The Olympic and Paralympic Games do not only bring together athletes from around the world together, these events also stimulate economic activity in the host by way of professional training, ‘upskilling’ and job creation. To ensure that this positive impact does not wear off once the Olympics and Paralympic Games have been completed a number of stakeholders work together to ensure lasting sustainability and positive disruption of the local jobs market. Maïté Dubearnes is the Director of Human Resources at the Major Events section of Atos, the International Computer Partner of the Olympic and Paralympic Games. This French company has 100,000 employees in 72 countries and has been proactively been adapting to the world of sport including the Olympic and Paralympic Games since 1992.
What is the size of the dedicated team that works during an Olympic Games?
We have a lot of staff to manage. There are about 300 people in Spain in our permanent team of Atos Major Events and then the number of employees fluctuates in each Olympic country. There are 33 permanent employees here in PyeongChang, [a group] in Tokyo to start preparing for the 2020 Tokyo Games, and one person in charge of human resources in each country. As far as HR management is concerned, in Spain it does not differ much from a normal company. In countries that host events, however, it's different. It's like starting a new business every two years, in a new country. You have to build a team, get a good grasp of the administration and the labour laws. We have a specific recruitment plan with each committee, which we put in place four years before the Games.
What types of people do you recruit?
At first we build a management team, and for that we need people who have Olympic experience for several years. In PyeongChang, for example, we have some Spaniards who have already worked for several Olympic Games, a Greek from the Athens Games, an Italian who made the Turin Games, and so on. When we do the second wave of recruitment we recruit 80-90% of the team locally. This is because it is important to have people who speak the language, but also because for us the social impact on the country is very important.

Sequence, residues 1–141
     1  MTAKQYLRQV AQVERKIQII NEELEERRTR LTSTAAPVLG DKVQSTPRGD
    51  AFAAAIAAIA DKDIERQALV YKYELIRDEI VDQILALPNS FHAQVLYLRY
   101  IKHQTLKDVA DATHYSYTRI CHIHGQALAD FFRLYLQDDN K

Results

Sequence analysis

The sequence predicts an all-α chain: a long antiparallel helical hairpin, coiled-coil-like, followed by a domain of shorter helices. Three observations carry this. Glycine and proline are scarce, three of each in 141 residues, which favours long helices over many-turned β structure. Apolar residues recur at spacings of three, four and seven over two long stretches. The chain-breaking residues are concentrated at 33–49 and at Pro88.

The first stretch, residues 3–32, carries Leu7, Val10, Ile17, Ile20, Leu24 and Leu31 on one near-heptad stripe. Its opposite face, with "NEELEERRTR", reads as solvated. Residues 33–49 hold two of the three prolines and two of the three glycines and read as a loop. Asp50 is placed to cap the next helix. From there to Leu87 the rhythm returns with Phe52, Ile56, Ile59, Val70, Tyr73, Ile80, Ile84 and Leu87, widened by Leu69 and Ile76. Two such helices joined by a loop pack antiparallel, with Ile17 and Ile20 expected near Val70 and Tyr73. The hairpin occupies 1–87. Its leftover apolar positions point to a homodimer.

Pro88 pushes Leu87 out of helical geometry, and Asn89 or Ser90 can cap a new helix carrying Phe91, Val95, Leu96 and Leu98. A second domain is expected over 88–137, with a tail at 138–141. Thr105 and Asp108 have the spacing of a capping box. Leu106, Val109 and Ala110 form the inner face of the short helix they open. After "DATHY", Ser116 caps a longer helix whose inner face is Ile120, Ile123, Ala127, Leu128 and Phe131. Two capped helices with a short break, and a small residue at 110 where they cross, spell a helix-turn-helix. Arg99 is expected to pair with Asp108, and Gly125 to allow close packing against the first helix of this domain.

Do you meet particular challenges in the Republic of Korea?
In both the Republic of Korea and Japan, people prefer permanent contracts. There was therefore a possibility that people would leave before the Games in favour of a job with a permanent contract.
What would be your strategy to convince them to stay?
They have an advantage if they stay in the form of the many courses we offer, especially English classes. We also try to train them in areas other than their designated roles such as management, communication, etc. As we hire them for a period of 4 years, we either seek to hire them in the company, or we improve their future employability, which is a very important aspect. But when a candidate has the Olympics on their CV, in most cases, they do not have to worry too much about their employability in future
The Olympic Games are a huge celebration that people want to enjoy how do you manage that expectation among your employees?
There is a lot of work and we cannot afford the slightest mistake. But after work, we organize many things, among other things we distribute tickets for competitions and we go for example in the "Houses" held by the Olympic Committees of each country to celebrate. In addition to having a great time, it strengthens the bonds in the team. We can also live exceptional moments. Here about twenty employees were able to run with the Olympic flame. Especially for Koreans, being able to run in their own country is a huge pride. This is also the kind of event that allows people to be proud to stay at Atos and create memories that they will keep for a lifetime.